In Memory of
a Grenadier in the North Reg. of Hants Militia, who died of a violent Fever contracted by drinking Small Beer when hot the 12 May 1764. Aged 26 Years. In grateful remembrance of whose universal good will towards his Comrades, this Stone is placed here at their expence, as a small testimony of their regard and concern.
Here sleeps in peace a Hampshire Grenadier,
Who caught his death by drinking cold small Beer,
Soldiers be wise from his untimely fall
And when ye're hot drink Strong or none at all.
This memorial being decay'd was restor'd by the Officers of the Garrison A.D. 1781.
An Honest Soldier never is forgot
Whether he die by Musket or by Pot.
The Stone was replaced by the North Hants Militia when disembodied at Winchester, on 26 April 1802, in consequence of the original Stone being destroyed.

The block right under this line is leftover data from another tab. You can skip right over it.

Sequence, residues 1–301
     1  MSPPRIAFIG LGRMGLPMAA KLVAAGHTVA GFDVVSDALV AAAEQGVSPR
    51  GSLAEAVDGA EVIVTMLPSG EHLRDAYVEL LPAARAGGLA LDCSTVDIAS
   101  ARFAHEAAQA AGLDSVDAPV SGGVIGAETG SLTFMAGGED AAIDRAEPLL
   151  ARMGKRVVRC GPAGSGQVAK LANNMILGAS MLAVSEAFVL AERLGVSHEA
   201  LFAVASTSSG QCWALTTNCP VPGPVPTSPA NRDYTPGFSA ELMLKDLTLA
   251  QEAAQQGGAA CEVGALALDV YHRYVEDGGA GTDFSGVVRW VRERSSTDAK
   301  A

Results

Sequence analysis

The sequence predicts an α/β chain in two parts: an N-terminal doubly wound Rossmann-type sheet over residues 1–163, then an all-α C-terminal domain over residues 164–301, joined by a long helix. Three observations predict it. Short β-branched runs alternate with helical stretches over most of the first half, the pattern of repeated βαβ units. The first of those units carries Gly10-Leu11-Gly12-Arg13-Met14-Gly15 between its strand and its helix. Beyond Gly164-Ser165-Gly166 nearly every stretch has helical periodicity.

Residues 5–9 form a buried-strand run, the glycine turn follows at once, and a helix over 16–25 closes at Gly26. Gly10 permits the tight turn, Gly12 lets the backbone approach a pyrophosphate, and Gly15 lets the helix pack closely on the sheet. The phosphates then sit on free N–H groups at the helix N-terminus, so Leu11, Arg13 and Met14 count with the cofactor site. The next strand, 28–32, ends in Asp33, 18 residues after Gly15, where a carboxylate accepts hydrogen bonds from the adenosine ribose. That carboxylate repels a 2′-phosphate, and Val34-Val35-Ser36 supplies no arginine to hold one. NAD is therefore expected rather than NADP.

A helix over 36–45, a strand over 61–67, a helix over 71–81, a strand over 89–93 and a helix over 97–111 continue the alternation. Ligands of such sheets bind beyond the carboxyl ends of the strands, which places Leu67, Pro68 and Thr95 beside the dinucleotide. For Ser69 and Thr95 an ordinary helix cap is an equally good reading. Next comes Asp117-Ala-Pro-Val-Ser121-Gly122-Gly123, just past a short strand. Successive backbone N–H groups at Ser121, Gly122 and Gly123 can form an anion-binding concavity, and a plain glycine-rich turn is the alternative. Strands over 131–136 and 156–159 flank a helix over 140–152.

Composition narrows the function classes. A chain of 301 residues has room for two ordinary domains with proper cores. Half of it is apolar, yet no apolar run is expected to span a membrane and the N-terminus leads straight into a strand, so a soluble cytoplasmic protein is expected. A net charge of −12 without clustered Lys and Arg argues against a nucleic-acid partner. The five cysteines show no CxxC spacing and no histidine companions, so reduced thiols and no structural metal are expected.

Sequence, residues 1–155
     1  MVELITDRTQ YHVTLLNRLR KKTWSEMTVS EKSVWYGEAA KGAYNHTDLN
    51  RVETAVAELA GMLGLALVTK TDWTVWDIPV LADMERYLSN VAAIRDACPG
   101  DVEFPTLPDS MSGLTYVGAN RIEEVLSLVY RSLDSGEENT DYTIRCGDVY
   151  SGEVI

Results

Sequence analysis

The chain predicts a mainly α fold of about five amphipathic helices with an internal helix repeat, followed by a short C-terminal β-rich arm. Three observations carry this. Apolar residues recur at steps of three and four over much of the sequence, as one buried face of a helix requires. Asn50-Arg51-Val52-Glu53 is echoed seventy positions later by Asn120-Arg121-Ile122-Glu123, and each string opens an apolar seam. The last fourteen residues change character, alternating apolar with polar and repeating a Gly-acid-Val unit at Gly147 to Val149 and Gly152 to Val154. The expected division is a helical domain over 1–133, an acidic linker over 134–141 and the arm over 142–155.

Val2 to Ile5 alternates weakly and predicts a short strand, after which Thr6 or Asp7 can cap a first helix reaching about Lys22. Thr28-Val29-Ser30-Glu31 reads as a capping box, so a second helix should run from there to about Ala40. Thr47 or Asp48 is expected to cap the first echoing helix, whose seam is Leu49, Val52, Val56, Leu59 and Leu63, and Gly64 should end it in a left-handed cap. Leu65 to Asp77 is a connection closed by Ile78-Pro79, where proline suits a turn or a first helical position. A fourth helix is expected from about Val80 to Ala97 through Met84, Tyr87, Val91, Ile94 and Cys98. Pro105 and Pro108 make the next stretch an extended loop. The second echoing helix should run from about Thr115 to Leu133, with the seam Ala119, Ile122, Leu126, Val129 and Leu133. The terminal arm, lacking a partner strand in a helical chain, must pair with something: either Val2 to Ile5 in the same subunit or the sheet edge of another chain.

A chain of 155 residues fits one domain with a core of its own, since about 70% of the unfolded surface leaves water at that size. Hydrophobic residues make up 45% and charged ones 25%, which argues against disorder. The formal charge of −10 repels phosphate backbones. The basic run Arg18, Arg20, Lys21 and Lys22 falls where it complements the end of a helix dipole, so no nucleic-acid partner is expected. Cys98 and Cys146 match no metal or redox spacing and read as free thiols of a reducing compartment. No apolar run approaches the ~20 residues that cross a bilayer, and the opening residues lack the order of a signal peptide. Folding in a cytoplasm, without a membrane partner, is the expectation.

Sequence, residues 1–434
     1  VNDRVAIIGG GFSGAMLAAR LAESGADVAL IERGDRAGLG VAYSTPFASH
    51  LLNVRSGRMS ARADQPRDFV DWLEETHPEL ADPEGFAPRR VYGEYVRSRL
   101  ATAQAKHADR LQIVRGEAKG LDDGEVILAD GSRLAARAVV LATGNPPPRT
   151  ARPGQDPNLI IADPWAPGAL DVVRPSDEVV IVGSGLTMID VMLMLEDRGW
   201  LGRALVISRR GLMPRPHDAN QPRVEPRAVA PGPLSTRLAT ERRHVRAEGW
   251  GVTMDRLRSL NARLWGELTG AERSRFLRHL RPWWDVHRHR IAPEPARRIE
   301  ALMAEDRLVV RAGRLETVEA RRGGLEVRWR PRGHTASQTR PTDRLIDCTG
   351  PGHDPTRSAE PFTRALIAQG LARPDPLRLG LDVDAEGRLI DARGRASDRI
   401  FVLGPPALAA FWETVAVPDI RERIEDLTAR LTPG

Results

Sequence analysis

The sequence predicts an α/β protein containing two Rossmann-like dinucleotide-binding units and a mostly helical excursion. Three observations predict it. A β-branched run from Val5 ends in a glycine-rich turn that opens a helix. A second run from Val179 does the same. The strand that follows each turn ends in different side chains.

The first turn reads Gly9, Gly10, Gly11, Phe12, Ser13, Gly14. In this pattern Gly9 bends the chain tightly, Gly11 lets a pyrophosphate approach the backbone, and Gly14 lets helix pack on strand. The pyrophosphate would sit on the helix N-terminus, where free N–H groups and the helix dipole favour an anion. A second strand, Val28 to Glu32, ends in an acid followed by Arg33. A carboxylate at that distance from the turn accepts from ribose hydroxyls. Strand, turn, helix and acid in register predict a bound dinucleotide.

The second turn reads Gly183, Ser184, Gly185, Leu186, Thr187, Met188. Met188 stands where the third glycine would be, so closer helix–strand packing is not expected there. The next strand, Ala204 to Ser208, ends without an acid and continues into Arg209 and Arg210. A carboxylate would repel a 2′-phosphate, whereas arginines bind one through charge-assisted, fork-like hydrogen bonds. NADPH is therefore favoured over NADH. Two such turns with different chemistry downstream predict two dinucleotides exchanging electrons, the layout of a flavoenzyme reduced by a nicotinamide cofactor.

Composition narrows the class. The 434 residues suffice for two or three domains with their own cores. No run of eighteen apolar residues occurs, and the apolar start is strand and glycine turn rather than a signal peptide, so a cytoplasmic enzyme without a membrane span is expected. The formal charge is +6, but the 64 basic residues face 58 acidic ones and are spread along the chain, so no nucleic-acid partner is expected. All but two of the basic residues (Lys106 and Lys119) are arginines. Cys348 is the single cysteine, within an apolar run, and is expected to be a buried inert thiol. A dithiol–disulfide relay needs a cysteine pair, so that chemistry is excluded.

And again replaced by The Royal Hampshire Regiment 1966.
Bill W., author of Alcoholics Anonymous, misquotes the gravestone on the first page, writing:
We landed in England. I visited Winchester Cathedral. Much moved, I wandered outside. My attention was caught by a doggerel on an old tombstone: 'Here lies a Hampshire Grenadier / Who caught his death / Drinking cold small beer. / A good soldier is ne'er forgot / Whether he dieth by musket / Or by Pot.'"